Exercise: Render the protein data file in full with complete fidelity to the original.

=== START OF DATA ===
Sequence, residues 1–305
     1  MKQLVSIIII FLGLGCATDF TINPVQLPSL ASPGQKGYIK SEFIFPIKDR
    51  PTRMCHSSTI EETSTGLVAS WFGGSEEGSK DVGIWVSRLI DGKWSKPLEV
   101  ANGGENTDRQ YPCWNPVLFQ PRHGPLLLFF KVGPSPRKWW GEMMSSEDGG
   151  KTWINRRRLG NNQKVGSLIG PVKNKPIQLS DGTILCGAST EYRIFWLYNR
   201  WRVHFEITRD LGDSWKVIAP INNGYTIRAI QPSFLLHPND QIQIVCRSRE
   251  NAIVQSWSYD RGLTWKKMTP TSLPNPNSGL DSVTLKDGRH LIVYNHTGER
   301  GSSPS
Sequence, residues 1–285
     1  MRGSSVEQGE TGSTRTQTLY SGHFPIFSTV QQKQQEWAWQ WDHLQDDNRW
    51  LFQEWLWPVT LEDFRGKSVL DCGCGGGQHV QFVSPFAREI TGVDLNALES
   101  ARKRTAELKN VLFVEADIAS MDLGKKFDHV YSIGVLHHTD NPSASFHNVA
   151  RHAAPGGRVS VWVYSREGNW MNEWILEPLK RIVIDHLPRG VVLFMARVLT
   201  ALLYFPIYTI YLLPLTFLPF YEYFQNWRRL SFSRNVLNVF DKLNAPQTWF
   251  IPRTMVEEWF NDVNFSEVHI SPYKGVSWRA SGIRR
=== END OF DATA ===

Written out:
Sequence, residues 1–305
     1  MKQLVSIIII FLGLGCATDF TINPVQLPSL ASPGQKGYIK SEFIFPIKDR
    51  PTRMCHSSTI EETSTGLVAS WFGGSEEGSK DVGIWVSRLI DGKWSKPLEV
   101  ANGGENTDRQ YPCWNPVLFQ PRHGPLLLFF KVGPSPRKWW GEMMSSEDGG
   151  KTWINRRRLG NNQKVGSLIG PVKNKPIQLS DGTILCGAST EYRIFWLYNR
   201  WRVHFEITRD LGDSWKVIAP INNGYTIRAI QPSFLLHPND QIQIVCRSRE
   251  NAIVQSWSYD RGLTWKKMTP TSLPNPNSGL DSVTLKDGRH LIVYNHTGER
   301  GSSPS
Sequence, residues 1–285
     1  MRGSSVEQGE TGSTRTQTLY SGHFPIFSTV QQKQQEWAWQ WDHLQDDNRW
    51  LFQEWLWPVT LEDFRGKSVL DCGCGGGQHV QFVSPFAREI TGVDLNALES
   101  ARKRTAELKN VLFVEADIAS MDLGKKFDHV YSIGVLHHTD NPSASFHNVA
   151  RHAAPGGRVS VWVYSREGNW MNEWILEPLK RIVIDHLPRG VVLFMARVLT
   201  ALLYFPIYTI YLLPLTFLPF YEYFQNWRRL SFSRNVLNVF DKLNAPQTWF
   251  IPRTMVEEWF NDVNFSEVHI SPYKGVSWRA SGIRR